Even after admitting to the illegal ballot destruction, first in open court and then in sworn videotaped deposition testimony, Snipes continued to litigate for months, using taxpayer funds to bleed my campaign. To add insult to injury, Snipes eventually claimed that her office had digital scanned ballot images after all, which we then inspected in a few precincts and found some discrepancies, all the while doubting their authenticity since computer experts can easily manipulate and produce doctored digital images.
In May 2018, Judge Raag Singhal finally put an end to the charade and granted my motion for summary judgment. His 10-page order recounted the list of legal violations by Broward election officials in destroying the paper ballots, including felonies punishable by up to 5 years in prison for each violation. But at the end of the day our only relief was a settlement of attorney’s fees at taxpayer expense.
The paper ballots were gone and there would never be any way to conclusively verify the suspicious election results.
We now hoped that Judge Singhal’s findings of criminal violations would open the floodgates and lead to law enforcement agencies stepping in to investigate and clean up the presumed corruption in our voting system. After all, we had sworn videotaped confessions and a Florida court finding. We were handing prosecutors an easy case on a silver platter that any second year law student could successfully prosecute.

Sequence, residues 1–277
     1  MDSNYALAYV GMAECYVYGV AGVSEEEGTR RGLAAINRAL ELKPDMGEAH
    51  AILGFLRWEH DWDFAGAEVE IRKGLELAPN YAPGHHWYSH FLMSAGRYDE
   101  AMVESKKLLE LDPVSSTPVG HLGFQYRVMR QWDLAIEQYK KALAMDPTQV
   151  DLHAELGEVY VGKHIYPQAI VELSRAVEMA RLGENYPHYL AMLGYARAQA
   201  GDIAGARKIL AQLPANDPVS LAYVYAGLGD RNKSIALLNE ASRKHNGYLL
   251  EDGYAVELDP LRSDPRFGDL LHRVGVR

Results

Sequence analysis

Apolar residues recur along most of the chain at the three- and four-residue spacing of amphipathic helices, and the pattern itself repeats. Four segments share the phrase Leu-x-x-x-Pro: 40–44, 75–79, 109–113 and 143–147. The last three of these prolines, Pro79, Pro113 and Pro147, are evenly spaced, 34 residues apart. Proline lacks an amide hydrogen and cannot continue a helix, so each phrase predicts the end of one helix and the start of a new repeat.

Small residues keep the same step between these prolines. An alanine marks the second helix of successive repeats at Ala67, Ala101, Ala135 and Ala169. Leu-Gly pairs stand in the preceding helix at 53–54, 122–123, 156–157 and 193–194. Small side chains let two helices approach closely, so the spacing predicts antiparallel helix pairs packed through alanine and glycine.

But our hopes were soon disappointed. The Acting US Attorney Benjamin Greenberg was initially interested, but after a week of meetings at the Department of Justice in Washington, DC, he returned with news that there would be no federal investigation. Apparently, that was stopped by Rod Rosenstein, the same Deputy Attorney General who had appointed Robert Mueller to investigate President Trump for alleged collusion with Russia when all the evidence suggested it was Wasserman Schultz’s DNC and Hillary Clinton campaign that had colluded with Russians and other foreign intelligence agencies in paying for the fraudulent Steele dossier.
We also hit a brick wall with the Florida Department of Law Enforcement under then Governor Rick Scott. My election lawyer was told that Scott was afraid to prosecute Snipes for reasons of identity politics since she was an elderly black woman and Scott was running for the US Senate. We doubted this excuse since replacing Snipes with an honest and competent black woman was apparently rejected as an option. No, it was something more. Even the Broward Republicans had fallen silent after years of calling for Snipes’ removal.